Title 1 of the ADA prohibits employers with 15 or more employees from discriminating against employees based on disability. Employers must also provide “reasonable accommodations” to the employees with disabilities — unless such accommodations would cause undue hardship.
Reasonable accommodations are workplace changes that enable disabled employees to carry out their essential job functions. Such accommodations may take the form of employee leave.
According to the Equal Employment Opportunity Commission (EEOC) — which enforces the ADA — reasonable accommodations can include modifying existing leave policies and “providing leave when needed for a disability, even where an employer does not offer leave to other employees.”
In addition, employees with disabilities must be given equal access to leave if the requested time off falls within the employer’s current leave policy.
Understanding Equal Access
If an employee’s reason for requesting leave is related to his or her disability and the leave falls within your existing leave policy, you must treat the request the same way you would treat a request that is not related to a disability.
For example, if your leave policy provides three sick days per year and does not require a doctor’s note, it’s a violation of the ADA to ask a disabled employee who takes leave under that policy for a doctor’s note.
If you’d like the employee to provide a doctor’s note, then you should have a policy requiring all employees to submit a doctor’s note.
Note that to accommodate disabled employees, you can establish policies that are different from or go beyond your regular leave policies. You might, for example, develop maximum leave policies.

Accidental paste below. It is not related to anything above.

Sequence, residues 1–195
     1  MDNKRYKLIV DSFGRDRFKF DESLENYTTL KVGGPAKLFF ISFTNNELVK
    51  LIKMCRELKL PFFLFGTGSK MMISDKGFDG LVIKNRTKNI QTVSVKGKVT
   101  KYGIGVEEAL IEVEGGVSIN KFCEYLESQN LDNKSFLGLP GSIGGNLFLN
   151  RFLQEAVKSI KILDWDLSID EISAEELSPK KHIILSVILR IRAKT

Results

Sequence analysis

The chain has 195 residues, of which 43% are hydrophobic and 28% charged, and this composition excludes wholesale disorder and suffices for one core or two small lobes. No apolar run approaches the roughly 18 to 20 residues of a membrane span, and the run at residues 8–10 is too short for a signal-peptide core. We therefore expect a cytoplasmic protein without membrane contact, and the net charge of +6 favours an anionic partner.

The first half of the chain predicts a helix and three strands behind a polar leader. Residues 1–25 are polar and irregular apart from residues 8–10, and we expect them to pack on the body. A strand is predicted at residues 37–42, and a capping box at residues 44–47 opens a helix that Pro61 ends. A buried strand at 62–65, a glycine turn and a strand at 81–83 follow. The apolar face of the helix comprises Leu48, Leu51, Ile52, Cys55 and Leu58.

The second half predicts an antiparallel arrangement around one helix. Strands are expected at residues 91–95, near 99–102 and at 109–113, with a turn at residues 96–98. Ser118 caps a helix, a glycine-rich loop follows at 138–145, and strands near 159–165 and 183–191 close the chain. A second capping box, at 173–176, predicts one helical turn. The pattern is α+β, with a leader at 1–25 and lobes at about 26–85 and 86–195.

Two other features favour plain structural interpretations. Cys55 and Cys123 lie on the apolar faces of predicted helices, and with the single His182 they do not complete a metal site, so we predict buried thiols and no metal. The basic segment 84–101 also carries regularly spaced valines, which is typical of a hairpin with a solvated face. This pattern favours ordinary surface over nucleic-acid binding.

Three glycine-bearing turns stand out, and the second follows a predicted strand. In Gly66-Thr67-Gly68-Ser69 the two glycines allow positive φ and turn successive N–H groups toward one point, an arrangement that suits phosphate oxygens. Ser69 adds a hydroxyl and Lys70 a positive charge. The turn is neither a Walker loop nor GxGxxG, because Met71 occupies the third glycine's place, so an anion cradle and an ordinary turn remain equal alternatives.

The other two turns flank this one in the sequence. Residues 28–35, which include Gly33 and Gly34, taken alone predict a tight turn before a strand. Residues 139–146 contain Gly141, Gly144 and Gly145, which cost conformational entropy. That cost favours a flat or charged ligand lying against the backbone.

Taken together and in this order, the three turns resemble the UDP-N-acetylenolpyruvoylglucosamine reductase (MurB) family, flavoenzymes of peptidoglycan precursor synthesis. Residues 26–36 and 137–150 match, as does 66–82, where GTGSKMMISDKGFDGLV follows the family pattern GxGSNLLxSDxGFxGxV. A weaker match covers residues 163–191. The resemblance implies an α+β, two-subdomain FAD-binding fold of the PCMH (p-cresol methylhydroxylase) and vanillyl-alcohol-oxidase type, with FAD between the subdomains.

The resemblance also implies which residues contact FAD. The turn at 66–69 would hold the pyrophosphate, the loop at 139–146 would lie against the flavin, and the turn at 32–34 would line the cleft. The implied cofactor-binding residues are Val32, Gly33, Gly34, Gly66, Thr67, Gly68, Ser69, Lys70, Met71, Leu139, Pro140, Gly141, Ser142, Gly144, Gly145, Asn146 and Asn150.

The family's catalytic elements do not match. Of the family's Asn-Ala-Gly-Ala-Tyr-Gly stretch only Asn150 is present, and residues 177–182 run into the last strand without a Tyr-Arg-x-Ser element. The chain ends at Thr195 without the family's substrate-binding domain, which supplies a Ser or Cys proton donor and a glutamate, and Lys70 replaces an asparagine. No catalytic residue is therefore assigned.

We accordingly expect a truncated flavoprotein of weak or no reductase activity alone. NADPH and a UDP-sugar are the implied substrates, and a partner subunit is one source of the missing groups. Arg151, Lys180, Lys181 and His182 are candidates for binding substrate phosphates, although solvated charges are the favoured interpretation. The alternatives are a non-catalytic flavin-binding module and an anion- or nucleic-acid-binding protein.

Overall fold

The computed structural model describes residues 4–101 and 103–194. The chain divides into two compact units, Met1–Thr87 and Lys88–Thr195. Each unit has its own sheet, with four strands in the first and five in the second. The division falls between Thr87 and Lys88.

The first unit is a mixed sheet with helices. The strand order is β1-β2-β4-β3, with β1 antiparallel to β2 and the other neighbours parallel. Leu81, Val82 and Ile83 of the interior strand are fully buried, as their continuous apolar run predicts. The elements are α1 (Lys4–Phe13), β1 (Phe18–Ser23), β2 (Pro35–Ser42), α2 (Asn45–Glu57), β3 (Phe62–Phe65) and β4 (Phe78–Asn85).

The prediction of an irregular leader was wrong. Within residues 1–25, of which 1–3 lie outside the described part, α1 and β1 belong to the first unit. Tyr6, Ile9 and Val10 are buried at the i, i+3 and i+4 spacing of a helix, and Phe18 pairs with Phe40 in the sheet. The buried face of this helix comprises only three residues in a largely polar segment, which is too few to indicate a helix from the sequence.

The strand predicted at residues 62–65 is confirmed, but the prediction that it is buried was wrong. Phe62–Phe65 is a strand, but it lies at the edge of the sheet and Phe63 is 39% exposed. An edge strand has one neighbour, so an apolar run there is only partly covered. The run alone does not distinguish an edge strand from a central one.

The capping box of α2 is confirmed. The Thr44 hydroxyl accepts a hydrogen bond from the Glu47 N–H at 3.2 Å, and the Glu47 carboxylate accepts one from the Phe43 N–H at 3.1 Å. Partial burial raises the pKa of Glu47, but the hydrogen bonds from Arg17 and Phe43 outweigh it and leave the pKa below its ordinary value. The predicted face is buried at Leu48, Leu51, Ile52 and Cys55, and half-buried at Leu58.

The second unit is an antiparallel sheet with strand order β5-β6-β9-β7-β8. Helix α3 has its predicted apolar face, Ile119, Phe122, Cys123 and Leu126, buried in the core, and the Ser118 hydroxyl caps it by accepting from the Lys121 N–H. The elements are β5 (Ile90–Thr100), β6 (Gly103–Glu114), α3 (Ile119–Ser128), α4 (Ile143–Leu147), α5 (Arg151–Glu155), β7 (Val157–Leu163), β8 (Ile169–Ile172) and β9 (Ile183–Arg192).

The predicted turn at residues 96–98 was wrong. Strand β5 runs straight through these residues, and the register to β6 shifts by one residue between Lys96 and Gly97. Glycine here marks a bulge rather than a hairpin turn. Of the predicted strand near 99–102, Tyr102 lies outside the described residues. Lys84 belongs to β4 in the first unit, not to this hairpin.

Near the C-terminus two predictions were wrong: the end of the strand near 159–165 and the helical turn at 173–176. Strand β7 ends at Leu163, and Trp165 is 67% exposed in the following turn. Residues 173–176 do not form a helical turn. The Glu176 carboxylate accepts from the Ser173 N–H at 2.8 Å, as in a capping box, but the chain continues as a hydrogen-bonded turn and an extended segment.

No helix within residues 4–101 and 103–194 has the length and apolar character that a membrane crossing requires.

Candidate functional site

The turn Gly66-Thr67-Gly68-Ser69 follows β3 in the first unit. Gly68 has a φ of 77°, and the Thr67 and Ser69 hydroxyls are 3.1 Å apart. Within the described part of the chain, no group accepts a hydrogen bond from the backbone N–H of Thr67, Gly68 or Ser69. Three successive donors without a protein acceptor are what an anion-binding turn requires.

Creating Maximum Leave Policies
As noted by the EEOC, maximum leave policies come in various forms. Commonly, employers — especially those covered by the Family and Medical Leave Act (FMLA) — provide up to 12 weeks of extended or intermittent leave. Some maximum leave policies have a limit higher than 12 weeks, along with a cap on the number of unplanned absences that employees can take during a 12-month period. For some employees with disabilities, these types of maximum leave policies may suffice.
For others, however, it may be necessary to modify the policies as a reasonable accommodation. For example, because of his or her disability, an employee may require periodic unplanned absences, which may exceed the number of days allotted by the maximum leave policy.
Making Your Decision to Grant Leave
Under the ADA, the employer has the final say regarding which reasonable accommodations it will offer. However, the EEOC recommends engaging in an interactive process with the employee before arriving at a conclusion. This way, you’ll be able to better understand the nature of the disability and how it’s obstructing the employee’s competency at work. You’ll also be able to determine whether to grant the employee time off under your existing leave policies or whether he or she should be given additional leave as a reasonable accommodation.